Another thing I noticed was the relative lack of snow on the ground for this time of the season. Typically, this would be a deep snow, snowshoe-only trail, but today, I was only wearing mud boots.

Other than a couple of places where the deer tracks had helped soften the snow on the trail into uneven, soft patches of snow, the trail was walkable and solid.

Out there in the woodlands, in places like this hardwood forest, it seems that hope is born. Sitting next to the trees, talking to myself and listening to what those aged and wise ancestors have to say opens my heart.

I feel a healing inside. In addition to hope, there is also an essence of new things good here to experience. It’s hard to explain, but it’s a sense that anything can happen any second. And when it does, it will be good.

Ralph Waldo Emerson urged us to adopt the pace of nature. He said, “Her secret is patience.” Henry David Thoreau said he took a walk in the woods “and came out taller than the trees.”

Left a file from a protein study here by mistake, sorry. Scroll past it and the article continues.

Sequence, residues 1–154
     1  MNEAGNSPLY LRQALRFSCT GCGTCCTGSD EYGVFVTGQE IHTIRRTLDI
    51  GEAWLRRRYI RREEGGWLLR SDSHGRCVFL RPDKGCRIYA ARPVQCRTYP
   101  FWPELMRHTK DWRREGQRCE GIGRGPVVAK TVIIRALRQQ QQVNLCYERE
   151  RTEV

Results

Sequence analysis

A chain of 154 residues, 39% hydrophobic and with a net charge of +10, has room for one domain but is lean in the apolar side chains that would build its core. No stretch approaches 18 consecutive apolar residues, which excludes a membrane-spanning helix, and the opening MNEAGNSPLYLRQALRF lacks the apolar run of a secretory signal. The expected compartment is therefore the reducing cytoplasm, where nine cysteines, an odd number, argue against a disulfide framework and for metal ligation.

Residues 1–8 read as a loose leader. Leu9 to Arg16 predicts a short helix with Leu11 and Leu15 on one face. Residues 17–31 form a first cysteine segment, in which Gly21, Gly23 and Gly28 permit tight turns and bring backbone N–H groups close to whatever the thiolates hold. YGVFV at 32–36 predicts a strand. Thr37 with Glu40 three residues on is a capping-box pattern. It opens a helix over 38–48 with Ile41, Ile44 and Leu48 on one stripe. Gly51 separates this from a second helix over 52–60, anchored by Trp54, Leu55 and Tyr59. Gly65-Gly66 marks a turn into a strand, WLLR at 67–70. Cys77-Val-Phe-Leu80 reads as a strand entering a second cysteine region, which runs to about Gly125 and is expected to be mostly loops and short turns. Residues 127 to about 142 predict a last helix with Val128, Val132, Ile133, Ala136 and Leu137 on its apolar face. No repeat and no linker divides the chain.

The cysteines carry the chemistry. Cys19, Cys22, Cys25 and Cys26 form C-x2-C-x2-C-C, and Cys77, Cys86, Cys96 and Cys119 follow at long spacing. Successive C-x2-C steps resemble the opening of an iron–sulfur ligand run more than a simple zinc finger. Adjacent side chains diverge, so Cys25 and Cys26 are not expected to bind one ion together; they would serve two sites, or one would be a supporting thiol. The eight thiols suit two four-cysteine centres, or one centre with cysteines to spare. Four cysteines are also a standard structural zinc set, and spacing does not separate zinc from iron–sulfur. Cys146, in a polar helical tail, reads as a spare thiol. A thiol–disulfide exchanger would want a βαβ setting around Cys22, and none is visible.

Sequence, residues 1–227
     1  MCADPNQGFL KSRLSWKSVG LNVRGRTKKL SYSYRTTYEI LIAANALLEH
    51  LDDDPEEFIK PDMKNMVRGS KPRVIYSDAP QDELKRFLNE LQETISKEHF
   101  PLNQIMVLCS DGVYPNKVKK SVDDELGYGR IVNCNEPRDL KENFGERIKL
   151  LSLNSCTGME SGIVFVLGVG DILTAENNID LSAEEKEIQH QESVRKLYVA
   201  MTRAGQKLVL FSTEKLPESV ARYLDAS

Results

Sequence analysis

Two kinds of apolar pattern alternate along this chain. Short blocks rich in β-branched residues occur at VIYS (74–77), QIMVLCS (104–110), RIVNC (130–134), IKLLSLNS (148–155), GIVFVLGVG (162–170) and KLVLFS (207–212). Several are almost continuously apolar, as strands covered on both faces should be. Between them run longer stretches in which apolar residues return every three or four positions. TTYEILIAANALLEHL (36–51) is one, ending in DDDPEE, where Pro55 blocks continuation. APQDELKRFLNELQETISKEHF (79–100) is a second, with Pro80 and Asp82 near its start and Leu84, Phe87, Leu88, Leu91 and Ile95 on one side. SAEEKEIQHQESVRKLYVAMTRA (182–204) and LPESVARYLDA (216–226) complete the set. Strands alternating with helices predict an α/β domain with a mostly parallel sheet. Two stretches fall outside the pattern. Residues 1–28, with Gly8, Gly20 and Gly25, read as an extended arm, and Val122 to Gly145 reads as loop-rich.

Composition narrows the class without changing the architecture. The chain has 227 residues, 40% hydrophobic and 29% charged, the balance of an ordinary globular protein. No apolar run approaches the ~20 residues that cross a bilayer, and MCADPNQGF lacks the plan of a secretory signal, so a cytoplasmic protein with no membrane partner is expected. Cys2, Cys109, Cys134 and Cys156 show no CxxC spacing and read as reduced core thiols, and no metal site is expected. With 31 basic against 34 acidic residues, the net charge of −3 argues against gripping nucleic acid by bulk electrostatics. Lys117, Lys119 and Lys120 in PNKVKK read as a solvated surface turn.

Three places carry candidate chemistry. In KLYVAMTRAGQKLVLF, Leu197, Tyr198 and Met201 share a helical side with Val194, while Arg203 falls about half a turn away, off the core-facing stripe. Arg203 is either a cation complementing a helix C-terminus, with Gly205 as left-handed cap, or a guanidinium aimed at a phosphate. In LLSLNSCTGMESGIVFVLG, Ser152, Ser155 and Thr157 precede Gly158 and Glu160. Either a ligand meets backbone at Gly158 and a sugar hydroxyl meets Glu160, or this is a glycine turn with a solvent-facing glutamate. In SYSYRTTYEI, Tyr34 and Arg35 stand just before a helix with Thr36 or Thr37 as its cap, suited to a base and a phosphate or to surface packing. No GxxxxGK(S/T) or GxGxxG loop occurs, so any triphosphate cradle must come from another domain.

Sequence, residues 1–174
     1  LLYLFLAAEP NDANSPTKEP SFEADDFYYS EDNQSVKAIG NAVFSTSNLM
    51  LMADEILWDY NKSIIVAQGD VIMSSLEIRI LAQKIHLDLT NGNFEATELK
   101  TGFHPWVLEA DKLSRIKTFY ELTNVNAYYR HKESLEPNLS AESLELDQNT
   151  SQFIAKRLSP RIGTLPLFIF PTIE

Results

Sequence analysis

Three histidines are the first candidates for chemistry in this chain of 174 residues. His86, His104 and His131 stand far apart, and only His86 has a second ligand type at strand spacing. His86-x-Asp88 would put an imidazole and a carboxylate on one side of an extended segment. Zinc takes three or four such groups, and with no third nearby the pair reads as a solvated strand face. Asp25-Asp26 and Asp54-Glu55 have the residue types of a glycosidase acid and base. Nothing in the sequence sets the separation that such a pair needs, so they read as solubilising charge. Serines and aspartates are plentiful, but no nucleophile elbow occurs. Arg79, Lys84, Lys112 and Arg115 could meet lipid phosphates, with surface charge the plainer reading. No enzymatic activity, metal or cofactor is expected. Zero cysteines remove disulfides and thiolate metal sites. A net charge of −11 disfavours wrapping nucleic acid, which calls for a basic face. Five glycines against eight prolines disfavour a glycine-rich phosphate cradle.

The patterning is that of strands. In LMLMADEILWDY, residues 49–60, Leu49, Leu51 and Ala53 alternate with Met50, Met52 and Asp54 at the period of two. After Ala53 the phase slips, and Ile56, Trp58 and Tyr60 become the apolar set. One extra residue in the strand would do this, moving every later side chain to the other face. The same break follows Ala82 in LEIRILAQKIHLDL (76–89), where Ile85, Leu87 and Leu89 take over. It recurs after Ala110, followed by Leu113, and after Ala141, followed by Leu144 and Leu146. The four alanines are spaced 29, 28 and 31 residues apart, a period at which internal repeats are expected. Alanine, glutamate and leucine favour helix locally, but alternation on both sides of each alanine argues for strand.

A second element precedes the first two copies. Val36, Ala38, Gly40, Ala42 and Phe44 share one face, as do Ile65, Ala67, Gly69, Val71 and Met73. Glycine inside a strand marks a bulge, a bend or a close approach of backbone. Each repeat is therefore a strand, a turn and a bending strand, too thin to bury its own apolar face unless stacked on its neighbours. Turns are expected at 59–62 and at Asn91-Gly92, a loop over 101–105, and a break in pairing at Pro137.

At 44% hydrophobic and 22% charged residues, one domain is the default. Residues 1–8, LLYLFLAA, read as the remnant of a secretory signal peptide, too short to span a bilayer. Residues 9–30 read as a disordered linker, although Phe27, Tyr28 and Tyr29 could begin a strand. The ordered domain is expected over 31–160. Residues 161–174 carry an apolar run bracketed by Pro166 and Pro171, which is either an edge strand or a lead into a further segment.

Albert Einstein said, “We still do not know one thousandth of 1% of what nature has revealed to us.” Socrates said, “He is richest who is content with the least, for content is the wealth of nature.”

These quotes strike at the heart of what I am trying to say.

Out there, not far from the back door, in the quiet of a wintry afternoon, in an open woodland, there is incredible wonder to contemplate.

The stillness is a balm for the soul and the persistence of trees to grow toward the sunlight is a testament to what is possible.

It is clear by their tracks that the deer and the fox, the squirrels and weasels and fishers have all found homes here among the ancient rocks and the trees that have stood longer than America herself.

I plan to return to this place again soon, for more respite and replenishment.

My mind and body have grown numb through months of COVID quarantine. The walls of our home have become a prison of the too familiar, while at the same time, those creature comforts have created a false sense of safety, devilishly coaxing and convincing that to stay inside is always what is best.

There are cross ties to walk, trails to hike and cool, crisp air to breathe. I want to be out there to see and to experience these things.

I need to open the door to get outside, to live the fun and surprise.

Don’t be late. It could be fate. Open the door for your mystery date.

Editor’s note: Outdoors North is a weekly column produced by the Michigan Department of Natural Resources on a wide range of topics important to those who enjoy and appreciate Michigan’s world-class natural resources of the Upper Peninsula.